Boxers work to knock out Parkinson's symptoms
INDIANAPOLIS (AP) — When Mary Yeaman was diagnosed with Parkinson's disease in 2006, she could barely bring herself to leave her house. Her muscles were weak, and she was having a hard time coping.
"I've always done sports and stuff like that, and it was getting to be too much just sitting and doing nothing," she said.
In 2007, she found Rock Steady Boxing in Indianapolis. She now attends classes every week and has seen her symptoms ease as a result of a rigorous regimen of punching, jumping, jogging and stretching.
Kristy Rose Follmar spars with a class participant during a workout at Rock Steady Boxing in Indianapolis, Tuesday, April 9, 2013. Rock Steady boxing is a unique nonprofit gym that, since 2006, has offered a uniquely effective form of physical exercise to people who are living with Parkinson's. (AP Photo/Michael Conroy)
"It makes my muscles stronger. I can walk better," said Yeaman, 64.
Rock Steady, founded in 2006 by former Marion County prosecutor Scott C. Newman after he was diagnosed with Parkinson's at age 40, gives people suffering from the disease an outlet to ease their symptoms and improve their physical fitness. Through boxing-inspired fitness classes, participants use exercise to slow the symptoms of a progressive neurological disease that causes tremors, muscle rigidity, loss of balance and cognitive, speech and vision impairment.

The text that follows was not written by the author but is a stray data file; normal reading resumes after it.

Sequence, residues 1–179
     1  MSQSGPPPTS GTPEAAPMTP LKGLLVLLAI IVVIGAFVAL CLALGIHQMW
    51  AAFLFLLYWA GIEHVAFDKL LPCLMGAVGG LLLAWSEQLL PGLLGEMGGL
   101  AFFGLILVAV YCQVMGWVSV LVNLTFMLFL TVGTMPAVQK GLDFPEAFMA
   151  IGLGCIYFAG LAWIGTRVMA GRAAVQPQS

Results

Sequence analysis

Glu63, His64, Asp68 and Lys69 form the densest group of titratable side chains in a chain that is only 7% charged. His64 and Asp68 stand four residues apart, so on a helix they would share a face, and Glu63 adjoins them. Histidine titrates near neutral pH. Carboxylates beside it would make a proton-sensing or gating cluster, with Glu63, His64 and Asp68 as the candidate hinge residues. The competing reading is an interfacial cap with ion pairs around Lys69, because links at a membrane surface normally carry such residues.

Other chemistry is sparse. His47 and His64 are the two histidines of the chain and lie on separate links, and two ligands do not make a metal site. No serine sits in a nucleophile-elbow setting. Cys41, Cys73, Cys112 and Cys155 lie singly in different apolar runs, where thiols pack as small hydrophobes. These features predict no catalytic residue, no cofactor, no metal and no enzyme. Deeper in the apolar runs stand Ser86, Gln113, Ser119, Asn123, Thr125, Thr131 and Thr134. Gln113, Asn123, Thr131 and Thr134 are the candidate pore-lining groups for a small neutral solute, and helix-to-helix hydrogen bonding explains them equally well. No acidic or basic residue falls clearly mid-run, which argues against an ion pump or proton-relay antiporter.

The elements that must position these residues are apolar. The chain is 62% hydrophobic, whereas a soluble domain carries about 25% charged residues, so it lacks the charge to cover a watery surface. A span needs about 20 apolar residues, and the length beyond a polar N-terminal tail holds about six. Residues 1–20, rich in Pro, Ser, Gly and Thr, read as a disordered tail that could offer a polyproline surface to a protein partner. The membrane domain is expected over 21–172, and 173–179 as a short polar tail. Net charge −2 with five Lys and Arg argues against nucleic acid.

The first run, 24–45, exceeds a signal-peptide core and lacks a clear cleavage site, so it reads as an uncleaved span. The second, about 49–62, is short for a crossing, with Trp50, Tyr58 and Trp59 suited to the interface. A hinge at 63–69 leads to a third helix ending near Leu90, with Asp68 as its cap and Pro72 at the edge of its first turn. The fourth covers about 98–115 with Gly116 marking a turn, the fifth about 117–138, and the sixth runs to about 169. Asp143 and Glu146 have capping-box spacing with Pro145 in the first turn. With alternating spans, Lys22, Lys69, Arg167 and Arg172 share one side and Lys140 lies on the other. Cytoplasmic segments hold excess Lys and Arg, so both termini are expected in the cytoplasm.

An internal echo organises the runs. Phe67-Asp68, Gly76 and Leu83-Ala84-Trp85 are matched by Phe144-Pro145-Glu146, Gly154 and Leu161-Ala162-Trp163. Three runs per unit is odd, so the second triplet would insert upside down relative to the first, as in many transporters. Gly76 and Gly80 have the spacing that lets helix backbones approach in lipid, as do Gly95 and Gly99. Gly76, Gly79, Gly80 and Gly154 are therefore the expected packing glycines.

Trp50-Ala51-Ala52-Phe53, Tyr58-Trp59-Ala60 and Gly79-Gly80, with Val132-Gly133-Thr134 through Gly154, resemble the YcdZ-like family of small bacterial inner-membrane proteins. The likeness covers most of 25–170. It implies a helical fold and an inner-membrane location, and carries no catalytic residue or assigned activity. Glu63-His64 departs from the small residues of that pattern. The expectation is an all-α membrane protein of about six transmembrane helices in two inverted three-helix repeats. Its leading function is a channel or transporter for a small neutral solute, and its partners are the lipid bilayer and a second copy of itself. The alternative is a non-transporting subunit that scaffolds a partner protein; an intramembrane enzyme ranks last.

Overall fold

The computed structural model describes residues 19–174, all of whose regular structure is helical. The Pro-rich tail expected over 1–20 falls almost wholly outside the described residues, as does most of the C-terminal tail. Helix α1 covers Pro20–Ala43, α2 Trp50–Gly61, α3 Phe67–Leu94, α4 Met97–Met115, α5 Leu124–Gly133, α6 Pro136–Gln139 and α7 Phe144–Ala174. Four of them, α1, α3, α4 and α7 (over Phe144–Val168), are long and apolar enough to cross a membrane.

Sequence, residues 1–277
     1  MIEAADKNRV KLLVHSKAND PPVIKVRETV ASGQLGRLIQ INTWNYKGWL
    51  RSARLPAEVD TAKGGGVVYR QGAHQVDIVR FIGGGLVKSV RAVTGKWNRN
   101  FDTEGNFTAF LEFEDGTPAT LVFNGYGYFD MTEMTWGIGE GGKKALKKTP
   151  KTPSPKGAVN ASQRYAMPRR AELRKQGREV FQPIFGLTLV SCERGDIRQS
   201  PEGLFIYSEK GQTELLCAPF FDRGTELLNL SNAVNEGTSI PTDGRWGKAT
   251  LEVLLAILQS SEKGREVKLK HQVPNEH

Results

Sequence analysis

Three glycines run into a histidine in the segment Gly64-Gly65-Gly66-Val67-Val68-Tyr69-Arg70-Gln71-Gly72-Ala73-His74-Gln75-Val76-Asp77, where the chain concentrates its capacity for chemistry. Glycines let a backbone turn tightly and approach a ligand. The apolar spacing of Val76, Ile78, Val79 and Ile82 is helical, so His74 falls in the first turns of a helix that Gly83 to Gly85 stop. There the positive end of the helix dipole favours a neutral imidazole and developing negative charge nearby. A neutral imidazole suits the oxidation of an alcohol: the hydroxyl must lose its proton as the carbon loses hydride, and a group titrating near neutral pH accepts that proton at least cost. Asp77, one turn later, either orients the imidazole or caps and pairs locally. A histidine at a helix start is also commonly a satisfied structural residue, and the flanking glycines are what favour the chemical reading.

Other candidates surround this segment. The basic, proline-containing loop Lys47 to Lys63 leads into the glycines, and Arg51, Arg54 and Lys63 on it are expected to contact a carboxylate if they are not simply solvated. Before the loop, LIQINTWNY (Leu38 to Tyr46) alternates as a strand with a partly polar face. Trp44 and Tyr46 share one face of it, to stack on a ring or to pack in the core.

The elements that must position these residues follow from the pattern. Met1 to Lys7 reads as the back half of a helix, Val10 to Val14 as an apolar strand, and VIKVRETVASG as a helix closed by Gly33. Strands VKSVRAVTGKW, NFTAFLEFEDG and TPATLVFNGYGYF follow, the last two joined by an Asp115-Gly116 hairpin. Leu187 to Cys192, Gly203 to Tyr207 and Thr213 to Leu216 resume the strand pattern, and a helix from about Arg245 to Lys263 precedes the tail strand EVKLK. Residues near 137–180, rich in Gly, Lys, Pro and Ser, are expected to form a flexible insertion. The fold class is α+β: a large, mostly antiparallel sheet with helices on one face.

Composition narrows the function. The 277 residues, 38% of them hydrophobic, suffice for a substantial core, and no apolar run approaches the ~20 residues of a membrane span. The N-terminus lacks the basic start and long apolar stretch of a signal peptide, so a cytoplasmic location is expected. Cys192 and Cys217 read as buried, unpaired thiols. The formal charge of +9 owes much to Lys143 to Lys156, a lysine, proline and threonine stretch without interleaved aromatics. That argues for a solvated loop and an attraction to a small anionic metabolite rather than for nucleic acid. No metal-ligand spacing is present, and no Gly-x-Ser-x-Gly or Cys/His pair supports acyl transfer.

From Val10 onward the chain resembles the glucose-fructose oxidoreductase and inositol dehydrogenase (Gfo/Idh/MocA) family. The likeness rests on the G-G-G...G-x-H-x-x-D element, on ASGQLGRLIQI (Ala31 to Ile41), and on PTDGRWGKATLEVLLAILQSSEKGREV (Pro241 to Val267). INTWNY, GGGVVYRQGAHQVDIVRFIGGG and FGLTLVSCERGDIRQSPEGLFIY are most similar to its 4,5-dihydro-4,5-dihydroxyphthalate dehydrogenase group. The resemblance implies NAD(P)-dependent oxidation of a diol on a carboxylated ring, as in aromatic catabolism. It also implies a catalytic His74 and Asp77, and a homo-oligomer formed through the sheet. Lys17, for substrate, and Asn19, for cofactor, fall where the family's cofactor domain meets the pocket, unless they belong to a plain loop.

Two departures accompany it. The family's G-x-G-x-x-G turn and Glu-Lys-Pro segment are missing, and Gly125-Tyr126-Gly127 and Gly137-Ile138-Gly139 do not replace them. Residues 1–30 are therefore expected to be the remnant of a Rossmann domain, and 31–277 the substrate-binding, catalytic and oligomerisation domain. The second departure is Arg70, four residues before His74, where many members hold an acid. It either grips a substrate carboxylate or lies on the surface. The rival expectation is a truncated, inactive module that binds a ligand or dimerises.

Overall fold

Mary Yeaman, left, and Instructor Kristy Rose Follmar use battle ropes to work out at Rock Steady Boxing in Indianapolis, Tuesday, April 9, 2013. Rock Steady boxing offers a uniquely effective form of physical exercise to people who are living with Parkinson's. While focusing on overall fitness, workouts include: ring work, focus mitts, heavy bags, speed bags, jump rope, core work, calisthenics and circuit weight training. (AP Photo/Michael Conroy)
"Sometimes people get very discouraged when they are diagnosed with Parkinson's, understandably facing a disease that is progressive, that's going to worsen over time and that can take a big toll on them," said neurologist and Rock Steady board member Dr. S. Elizabeth Zauber.